In October 2005, writer/sculptor/artist Ian Hamilton Finlay is 80. Poet Edwin Morgan and sculptor George Wyllie reached that decade some time ago. Continuing to create work of outstanding lucidity, these three prolific men, from their different corners of the art map and with creative voices honed over years of practice, inform and inspire new generations. From the lush tranquil beauty of Little Sparta, his garden on a Lanarkshire hillside, Finlay is preparing to exhibit at the Ingleby Gallery and Inverleith House in the Royal Botanic Gardens, Edinburgh this summer. Wyllie takes a Cosmic Voyage to the Collins Gallery in Glasgow in August and Edwin Morgan, the 'Scots Makar', adds new poems with star spark, to his sixty year constellation—MAP is honoured to have one specially written this issue for Ian Hamilton Finlay's birthday. Having spent lifetimes exploring the contours of their lives, these artists now have a map of work which takes them from youth, to first success, to established figure, to guru, and remind us that 'contemporary' means now.
On the other side of the mountain from these 'contemporaries', Nigel Peake, the young artist/architect introduced in MAP Portfolio, is just about to embark on his career with a visionary package on board, manifested in the thousands of sketches he's already made. Lotte Glob, who has chosen to live on the edge of the country among the mountains, literally melts rock into artforms: once rejected by the metropolis, she offers her work back to the land that has inspired her and has become her studio and gallery.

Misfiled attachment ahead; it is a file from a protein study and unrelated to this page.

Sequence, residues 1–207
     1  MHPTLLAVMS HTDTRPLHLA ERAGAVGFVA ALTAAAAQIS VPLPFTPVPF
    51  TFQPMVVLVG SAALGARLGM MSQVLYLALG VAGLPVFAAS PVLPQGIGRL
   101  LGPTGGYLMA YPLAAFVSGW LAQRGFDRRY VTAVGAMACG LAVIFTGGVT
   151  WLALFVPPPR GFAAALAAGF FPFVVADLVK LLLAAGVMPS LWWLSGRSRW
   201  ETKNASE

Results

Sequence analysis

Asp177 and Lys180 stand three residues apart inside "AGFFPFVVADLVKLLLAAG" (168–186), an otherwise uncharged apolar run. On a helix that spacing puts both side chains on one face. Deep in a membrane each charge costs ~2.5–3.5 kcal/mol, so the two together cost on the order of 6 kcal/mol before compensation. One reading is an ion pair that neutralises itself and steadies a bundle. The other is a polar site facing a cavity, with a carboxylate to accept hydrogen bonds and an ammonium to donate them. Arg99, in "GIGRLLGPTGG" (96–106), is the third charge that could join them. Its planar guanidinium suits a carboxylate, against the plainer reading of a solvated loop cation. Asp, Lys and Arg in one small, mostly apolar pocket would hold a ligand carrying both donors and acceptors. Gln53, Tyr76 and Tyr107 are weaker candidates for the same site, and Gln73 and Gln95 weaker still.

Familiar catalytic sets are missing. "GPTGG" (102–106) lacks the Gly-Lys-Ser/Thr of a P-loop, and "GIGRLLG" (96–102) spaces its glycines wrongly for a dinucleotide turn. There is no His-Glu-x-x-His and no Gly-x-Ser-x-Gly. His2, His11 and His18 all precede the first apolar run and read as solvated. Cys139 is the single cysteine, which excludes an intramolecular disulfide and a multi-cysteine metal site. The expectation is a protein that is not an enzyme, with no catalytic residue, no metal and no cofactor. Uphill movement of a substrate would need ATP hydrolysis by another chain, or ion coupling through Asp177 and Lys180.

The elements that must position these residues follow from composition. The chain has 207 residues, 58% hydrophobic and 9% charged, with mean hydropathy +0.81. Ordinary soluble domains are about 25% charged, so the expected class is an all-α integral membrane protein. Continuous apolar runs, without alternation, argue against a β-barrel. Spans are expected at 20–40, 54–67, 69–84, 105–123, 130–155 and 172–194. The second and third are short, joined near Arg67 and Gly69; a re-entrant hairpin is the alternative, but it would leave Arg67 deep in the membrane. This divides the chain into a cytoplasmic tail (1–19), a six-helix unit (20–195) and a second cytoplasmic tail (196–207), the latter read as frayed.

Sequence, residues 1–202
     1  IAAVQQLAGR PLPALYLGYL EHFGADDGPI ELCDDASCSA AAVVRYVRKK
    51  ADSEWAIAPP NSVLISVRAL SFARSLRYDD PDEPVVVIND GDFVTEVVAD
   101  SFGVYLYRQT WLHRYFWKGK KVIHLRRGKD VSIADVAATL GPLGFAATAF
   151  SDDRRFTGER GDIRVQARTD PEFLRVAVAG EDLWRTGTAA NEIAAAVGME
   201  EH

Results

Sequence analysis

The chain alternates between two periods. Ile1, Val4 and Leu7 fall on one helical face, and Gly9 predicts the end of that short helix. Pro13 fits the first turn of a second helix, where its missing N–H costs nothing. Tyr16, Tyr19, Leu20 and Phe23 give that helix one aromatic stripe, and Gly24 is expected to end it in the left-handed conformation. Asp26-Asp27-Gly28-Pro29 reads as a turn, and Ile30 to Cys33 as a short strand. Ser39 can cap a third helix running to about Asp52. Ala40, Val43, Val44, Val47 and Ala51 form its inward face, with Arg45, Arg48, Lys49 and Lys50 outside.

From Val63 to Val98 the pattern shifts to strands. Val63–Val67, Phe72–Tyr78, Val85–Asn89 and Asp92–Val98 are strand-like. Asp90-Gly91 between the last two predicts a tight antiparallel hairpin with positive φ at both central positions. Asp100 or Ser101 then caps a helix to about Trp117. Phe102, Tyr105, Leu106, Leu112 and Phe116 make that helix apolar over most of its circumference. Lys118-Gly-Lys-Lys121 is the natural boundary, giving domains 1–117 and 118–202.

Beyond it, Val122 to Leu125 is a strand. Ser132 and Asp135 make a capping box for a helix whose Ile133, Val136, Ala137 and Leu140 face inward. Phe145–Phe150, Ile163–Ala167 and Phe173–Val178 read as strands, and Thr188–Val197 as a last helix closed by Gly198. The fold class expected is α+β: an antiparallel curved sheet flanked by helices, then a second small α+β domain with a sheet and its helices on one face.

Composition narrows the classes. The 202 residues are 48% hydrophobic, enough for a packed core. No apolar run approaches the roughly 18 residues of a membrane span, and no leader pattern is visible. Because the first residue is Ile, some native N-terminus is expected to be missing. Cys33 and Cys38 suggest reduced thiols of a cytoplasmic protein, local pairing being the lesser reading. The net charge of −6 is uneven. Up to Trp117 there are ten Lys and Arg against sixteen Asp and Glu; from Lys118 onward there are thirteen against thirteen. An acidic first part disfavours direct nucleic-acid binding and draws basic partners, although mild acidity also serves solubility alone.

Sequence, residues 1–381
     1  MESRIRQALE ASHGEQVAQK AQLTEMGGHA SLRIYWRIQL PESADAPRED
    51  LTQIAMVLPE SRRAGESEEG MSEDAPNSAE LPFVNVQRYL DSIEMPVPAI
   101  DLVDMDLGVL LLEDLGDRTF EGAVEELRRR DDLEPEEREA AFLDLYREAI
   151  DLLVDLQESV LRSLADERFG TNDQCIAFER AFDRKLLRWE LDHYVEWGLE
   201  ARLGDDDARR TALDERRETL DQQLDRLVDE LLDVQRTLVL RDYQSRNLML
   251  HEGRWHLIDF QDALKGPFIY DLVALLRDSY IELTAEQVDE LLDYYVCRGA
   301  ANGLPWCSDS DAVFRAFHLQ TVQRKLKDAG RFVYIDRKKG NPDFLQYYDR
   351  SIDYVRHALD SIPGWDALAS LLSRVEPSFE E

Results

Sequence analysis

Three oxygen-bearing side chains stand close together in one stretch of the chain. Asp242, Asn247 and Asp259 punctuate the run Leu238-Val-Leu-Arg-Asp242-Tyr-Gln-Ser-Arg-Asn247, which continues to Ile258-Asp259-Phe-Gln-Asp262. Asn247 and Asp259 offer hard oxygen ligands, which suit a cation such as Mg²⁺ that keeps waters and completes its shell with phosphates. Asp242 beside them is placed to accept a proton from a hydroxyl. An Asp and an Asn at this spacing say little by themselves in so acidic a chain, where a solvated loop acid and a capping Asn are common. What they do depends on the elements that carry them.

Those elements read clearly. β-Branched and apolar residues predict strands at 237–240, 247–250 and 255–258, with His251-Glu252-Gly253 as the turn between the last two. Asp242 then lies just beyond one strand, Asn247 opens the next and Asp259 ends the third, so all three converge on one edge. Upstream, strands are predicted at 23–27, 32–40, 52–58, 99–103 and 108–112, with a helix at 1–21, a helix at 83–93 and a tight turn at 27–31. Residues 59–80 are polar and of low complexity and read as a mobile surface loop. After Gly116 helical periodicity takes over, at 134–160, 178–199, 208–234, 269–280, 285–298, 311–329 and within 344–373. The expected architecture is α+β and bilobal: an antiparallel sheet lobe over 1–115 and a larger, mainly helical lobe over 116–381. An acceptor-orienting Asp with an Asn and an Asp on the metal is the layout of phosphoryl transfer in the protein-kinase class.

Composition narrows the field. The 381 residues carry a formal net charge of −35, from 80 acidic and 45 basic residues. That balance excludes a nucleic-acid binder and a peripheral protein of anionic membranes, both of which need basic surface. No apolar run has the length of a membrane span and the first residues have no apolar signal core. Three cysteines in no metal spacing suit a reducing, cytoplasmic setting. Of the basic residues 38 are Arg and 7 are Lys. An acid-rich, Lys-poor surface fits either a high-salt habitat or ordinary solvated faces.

Close to the passion for life and nature that all of the above artists share, an open source computer game designed by artists Chad McCail and Simon Yuill gives us all the opportunity to vandalise the society we have, for the good. Experimenting gamers can ban school, fill the rivers with fish and create their own utopias, manipulating the spring_alpha map to discover their own creative solutions to modern life. Offering a window of opportunity, McCail and Yuill take 'contemporary' into the future.
Maps describe boundaries and ownership. They plot destinations and show us the way. They follow terrain and stars and thoughts. Who has not been absorbed in a map? In an increasingly global, electronic culture, maps are more resonant than ever, their very specific logic and beauty often appropriated by artists and art events. Zenomap, the first national presentation of new work from Scotland at the Venice Biennale 2003, was one such, so named after the brothers Zeno, two Venetian navigators who allegedly sailed west from Scotland and charted new territories 90 years before Columbus.
Now, in another Venice year, the new contemporary art magazine Map continues the process of drawing together and celebrating art and artists in Scotland, while connecting to exhibitions and artists around the world; a process that stretches back at least as far as the ‘Strategy-Get-Arts’ interventions in Edinburgh over 30 years ago, and into the future with Glasgow’s new international art festival in April, 2005.